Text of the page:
Nursery rhyme illustrated by Walter Crane"Laura never became as clever with the birds as Mr. Saunter. But when she had overcome her nervousness, she managed them well enough to give herself a great deal of pleasure. They nestled against her, held fast in  the crook of her arm, while her fingers probed among the soft feathers and rigid quills of their breasts. She liked to feel their acquiescence, their dependence upon her. She felt wise and potent. She remembered the henwife in fairy tales, she understood now why kings and queens resorted to the henwife in their difficulties. The henwife held their destinies in the crook of her arm, and hatched the future in her apron. She was sister to the spaewife, and close cousin to the witch, but she practiced her art under cover of henwifery; she was not, like her sister and her cousin, a professional. She lived unassumingly at the bottom of the king's garden, wearing a large white apron and very possibly her husband's cloth cap; and when she saw the king and queen coming down the gravel path she curtseyed reverentially, and pretended it was eggs they had come about. She was easier to approach than the spaewife, who sat on a creepie and stared at the smoldering peats till her eyes were red and unseeing; or Rima Stainesthe witch, who lived alone in the wood, her cottage window all grown over with brambles. But though she kept up this pretense of homeliness she was not inferior in skill to the professionals. Even the pretence of homeliness was not quite so homely as it might seem. Laura knew that the Russian witches live in small huts mounted upon three giant hen's legs, all yellow and scaly. The legs can go; when the witch desires to move her dwelling the legs stalk through the forest, clattering against the trees, and printing long scars upon the snow.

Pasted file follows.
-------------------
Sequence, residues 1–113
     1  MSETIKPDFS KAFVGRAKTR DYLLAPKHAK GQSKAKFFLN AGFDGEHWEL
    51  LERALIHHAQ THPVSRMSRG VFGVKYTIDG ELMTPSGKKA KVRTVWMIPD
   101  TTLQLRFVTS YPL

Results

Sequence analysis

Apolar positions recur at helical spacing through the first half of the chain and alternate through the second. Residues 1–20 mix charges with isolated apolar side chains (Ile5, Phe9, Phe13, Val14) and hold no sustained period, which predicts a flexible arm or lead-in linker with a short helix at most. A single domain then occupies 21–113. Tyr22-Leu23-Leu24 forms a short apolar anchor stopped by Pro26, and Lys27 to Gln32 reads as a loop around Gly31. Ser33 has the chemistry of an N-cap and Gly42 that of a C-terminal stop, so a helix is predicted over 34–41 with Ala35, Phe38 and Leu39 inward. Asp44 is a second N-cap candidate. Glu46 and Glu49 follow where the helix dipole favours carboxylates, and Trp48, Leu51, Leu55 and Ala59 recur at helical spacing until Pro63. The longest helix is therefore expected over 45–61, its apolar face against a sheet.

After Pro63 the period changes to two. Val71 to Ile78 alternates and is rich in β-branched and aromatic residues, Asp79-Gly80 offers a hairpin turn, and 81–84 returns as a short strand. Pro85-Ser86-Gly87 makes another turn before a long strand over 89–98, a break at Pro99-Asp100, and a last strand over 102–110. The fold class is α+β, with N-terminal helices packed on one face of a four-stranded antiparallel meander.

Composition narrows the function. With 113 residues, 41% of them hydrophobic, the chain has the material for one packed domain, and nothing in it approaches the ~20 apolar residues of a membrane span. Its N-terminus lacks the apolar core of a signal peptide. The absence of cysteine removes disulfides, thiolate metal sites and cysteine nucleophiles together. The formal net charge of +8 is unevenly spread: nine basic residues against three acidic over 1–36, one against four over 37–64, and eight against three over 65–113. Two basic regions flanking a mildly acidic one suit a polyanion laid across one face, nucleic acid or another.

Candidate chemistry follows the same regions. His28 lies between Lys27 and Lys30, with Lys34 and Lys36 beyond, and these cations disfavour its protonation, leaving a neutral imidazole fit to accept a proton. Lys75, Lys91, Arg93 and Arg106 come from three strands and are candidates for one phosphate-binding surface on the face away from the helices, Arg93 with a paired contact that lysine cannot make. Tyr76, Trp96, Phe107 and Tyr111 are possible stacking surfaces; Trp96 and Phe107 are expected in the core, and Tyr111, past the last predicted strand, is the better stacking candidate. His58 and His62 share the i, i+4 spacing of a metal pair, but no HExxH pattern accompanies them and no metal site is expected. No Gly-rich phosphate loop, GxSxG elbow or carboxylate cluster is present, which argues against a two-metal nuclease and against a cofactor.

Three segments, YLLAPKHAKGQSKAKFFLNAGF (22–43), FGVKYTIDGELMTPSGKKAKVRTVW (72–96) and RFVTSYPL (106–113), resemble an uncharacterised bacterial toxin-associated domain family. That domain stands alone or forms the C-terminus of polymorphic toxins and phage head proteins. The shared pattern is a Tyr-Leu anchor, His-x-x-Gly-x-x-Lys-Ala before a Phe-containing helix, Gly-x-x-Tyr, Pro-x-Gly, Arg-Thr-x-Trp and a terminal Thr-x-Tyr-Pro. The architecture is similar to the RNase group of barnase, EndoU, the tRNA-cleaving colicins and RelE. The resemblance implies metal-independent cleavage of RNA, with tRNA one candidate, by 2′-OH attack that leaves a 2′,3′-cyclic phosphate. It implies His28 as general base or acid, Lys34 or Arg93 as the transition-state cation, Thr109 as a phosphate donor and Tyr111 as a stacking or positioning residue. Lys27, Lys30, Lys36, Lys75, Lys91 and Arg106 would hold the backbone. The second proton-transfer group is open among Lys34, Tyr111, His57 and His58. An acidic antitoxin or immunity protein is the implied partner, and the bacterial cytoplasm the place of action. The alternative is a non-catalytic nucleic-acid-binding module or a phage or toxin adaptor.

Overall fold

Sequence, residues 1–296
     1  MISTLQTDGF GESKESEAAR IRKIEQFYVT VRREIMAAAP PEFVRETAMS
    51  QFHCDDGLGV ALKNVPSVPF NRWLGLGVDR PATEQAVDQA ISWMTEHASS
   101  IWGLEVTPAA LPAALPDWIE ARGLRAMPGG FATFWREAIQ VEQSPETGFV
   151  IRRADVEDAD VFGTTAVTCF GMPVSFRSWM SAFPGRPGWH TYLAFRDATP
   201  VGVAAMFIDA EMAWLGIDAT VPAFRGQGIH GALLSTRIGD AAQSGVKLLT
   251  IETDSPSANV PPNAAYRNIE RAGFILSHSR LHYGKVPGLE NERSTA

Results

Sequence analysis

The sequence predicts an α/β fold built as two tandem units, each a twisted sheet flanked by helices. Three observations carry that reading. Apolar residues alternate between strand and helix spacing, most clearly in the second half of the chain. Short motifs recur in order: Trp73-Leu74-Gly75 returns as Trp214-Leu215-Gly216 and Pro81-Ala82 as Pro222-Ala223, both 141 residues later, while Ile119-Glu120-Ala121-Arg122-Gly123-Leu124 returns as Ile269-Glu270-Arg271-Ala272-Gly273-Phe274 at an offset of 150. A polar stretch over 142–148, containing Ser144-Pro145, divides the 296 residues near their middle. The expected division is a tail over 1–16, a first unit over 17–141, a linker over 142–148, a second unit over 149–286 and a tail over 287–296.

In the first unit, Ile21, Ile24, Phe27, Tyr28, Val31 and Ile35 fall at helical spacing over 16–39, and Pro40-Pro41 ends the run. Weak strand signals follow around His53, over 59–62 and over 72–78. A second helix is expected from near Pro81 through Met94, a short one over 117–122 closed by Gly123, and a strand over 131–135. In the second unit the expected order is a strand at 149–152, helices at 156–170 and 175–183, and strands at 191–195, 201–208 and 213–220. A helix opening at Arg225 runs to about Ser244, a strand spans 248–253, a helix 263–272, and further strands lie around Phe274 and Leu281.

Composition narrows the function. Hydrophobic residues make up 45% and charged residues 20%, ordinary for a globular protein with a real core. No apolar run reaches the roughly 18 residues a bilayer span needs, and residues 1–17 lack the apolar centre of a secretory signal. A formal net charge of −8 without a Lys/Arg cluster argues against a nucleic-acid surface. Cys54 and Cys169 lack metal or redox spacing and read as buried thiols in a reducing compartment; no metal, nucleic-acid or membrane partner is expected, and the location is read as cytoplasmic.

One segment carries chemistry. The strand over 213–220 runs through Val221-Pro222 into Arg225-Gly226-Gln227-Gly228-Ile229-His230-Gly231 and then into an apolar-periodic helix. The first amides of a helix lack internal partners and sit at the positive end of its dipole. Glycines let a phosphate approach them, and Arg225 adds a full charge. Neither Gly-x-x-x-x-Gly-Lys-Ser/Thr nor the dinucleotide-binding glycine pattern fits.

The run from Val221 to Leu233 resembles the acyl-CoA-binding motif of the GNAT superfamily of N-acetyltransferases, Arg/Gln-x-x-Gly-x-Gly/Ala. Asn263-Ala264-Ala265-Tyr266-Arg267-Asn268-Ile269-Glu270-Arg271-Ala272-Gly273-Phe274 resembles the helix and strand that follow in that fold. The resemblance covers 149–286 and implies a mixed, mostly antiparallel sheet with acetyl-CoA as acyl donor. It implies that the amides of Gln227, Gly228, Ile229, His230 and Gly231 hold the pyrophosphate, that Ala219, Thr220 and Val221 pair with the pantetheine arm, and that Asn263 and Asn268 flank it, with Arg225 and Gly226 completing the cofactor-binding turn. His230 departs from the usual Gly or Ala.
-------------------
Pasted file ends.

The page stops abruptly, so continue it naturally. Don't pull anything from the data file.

"Following Mr. Saunter up and down between the pens, Laura almost forgot where and who she was, so completely had she merged her personality into the henwife's. She walked back along the rutted track and down the steep lane as obliviously as though she were flitting home on a broomstick."

Mother Goose

 I first discovered Sylvia Townsend Warner's fiction through Kingdoms of Elfin (a collection of the adult fairy stories as dry and fizzy as the best champagne), but Lolly Willowes, when I first read it back in my 20s, seemed altogether different. I'm embarrassed now to admit that I found the novel slight and unmemorable, almost twee, and it wasn't until a later re-reading that I finally understood it as the masterpiece it is. I had been too young for Lolly Willows the first time,  and too ignorant of the social context in which Townsend Warner was writing in the 1920s:  the restricted lives of "spinisters" in Victorian and Edwardian England. "The issue that the novel tackles head-on is that of gender," explains another Townsend Warner fan, contemporary British novelist Sarah Waters:

Sylvia Townsend Warner"In the 1910s and 20s British sexual mores were shaken up as never before: the war saw women taking on new jobs, gaining new responsibilities and freedom, and, though the majority of the jobs were savagely withdrawn with the return to peace, many of the liberties remained; in 1918, partly as a recognition of their contribution during the years of conflict, women were at last granted the vote. For the first decade of its life, however, the new franchise was an incomplete one, available only to women over 30 who were also householders or married to householders (which meant that single women such as Laura, middle-aged but financially dependent on male relatives, remained without it), and there was still huge pressure on women to conform to social norms.